|Published on Wed, May 27, 2020 3:00 PM|
Meditation for 28 May 2020 by Ted Hunter & Paula Eisenrich
“Sing to him, sing praise to him; tell of all his wonderful acts. Glory in his holy name; let the hearts of those who seek the Lord rejoice.” Psalm 105, v. 2-3:
When joyous events take place, we often celebrate it with song. A birthday party isn’t quite right without singing “Happy Birthday”; a ballgame would not be complete without “Take Me Out to the Ballgame”; and many events cannot begin until the “Star Spangled Banner” is sung. With COVID-19, that all has to change. It turns out that singing spreads the virus far more than nearly any other action. When we sing, we take deep breaths and then expel droplets and aerosols widely around us. A choir of 60 meeting in Skagit Valley, while sitting six feet apart with temperature checks before rehearsal, ended up with 45 members infected with COVID-19. Many scientists and choral directors across the nation have concluded that singing groups cannot safely meet again until there is a vaccine or a medicine to cure those who are infected. That would mean no school choirs, no church anthems and no joyous singing of crowds. Oh, maybe with remote technology. But who’s kidding whom; it’s not the same.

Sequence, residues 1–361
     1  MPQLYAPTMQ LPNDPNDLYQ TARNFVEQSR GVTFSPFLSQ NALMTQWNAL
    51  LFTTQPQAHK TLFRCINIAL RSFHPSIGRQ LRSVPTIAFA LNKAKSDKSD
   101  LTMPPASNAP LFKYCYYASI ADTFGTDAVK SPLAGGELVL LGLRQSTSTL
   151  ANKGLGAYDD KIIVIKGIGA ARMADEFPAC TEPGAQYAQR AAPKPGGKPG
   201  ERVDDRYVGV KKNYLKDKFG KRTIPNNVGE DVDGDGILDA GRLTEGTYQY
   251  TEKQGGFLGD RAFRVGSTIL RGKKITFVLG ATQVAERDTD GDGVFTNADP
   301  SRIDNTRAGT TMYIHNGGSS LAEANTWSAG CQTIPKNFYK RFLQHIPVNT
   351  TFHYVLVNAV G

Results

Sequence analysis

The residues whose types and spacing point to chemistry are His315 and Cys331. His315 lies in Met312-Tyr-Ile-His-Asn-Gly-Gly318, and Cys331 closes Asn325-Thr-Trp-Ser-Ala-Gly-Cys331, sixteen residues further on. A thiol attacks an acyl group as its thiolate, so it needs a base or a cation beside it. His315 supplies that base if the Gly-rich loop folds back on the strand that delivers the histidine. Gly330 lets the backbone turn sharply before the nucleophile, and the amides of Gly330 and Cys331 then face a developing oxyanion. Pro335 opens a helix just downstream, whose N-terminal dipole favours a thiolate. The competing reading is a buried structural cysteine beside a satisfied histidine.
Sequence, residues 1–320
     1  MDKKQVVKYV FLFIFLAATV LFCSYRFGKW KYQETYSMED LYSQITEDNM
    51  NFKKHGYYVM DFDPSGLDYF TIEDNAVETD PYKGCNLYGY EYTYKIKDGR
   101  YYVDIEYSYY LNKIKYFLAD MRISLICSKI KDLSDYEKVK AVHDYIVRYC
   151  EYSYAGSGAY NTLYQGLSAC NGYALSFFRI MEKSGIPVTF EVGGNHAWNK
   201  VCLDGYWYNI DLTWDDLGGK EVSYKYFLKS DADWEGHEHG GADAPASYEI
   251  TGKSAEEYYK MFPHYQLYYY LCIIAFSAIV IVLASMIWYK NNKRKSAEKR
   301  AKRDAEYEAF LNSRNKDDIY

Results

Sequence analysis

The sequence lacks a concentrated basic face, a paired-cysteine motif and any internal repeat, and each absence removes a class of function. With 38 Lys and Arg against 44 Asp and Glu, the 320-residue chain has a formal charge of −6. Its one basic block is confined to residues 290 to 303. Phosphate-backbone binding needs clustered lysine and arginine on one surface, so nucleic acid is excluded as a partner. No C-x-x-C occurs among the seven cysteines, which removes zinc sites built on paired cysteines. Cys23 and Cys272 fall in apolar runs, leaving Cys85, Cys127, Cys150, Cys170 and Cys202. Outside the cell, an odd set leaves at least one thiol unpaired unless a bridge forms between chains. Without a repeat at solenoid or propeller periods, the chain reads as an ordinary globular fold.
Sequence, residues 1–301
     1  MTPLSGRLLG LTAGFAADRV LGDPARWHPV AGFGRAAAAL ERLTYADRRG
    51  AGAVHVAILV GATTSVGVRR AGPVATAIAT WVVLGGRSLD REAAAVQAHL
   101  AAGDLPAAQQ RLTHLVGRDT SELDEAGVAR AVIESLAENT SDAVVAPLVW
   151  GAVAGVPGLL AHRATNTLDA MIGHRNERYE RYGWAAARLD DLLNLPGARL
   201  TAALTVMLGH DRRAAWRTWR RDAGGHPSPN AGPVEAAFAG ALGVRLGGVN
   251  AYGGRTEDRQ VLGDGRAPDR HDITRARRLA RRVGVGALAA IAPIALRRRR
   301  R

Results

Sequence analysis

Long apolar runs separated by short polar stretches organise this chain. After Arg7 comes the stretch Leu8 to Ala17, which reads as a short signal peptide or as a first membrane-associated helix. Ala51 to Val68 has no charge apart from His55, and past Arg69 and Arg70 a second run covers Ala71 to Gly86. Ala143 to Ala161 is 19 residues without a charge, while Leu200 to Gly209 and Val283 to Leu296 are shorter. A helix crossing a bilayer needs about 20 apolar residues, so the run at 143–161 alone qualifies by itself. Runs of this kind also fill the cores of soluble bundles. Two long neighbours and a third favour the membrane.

Yet, how can we keep from singing? The psalmist reminds us that it is important to sing praise to all the world! There are so many songs that praise the Lord: hymns and anthems and major concert works. Must we disobey the instruction of the psalmist and remain silent, even though we really want to sing? It seems that not singing is the right thing to do if we are to defeat the virus. Is this putting science over God? How can this conflict be resolved?
Well, it’s not an either/or challenge. There are many ways to sing, and many living things that can do it. Listen closely and take pleasure in the songs of other living creatures. Pay attention to the beauty of birdsong, the intoxicating rhythm of the frog, the howling of the coyote and the song of honking geese. These can all be heard as songs of praise by creatures of God that enhance the beauty and wonder of our planet. Take joy, more than ever, in singing in the shower where the cascade of water will dispel your droplets. Join in harmony with family members and partners who are going through this pandemic with you. Carry a song in your heart. Let that ring out in kindness and love shared with others. Most of all, know that the songs of praise continue, perhaps in new ways that are adapted to this time. Let the glory of God be known, rejoice in your heart, and let the songs ring out!
Ted Hunter & Paula Eisenrich
Zechariah 4:1-14 Psalm 105:1-22 Ephesians 4:17-32 Matthew 9:1-8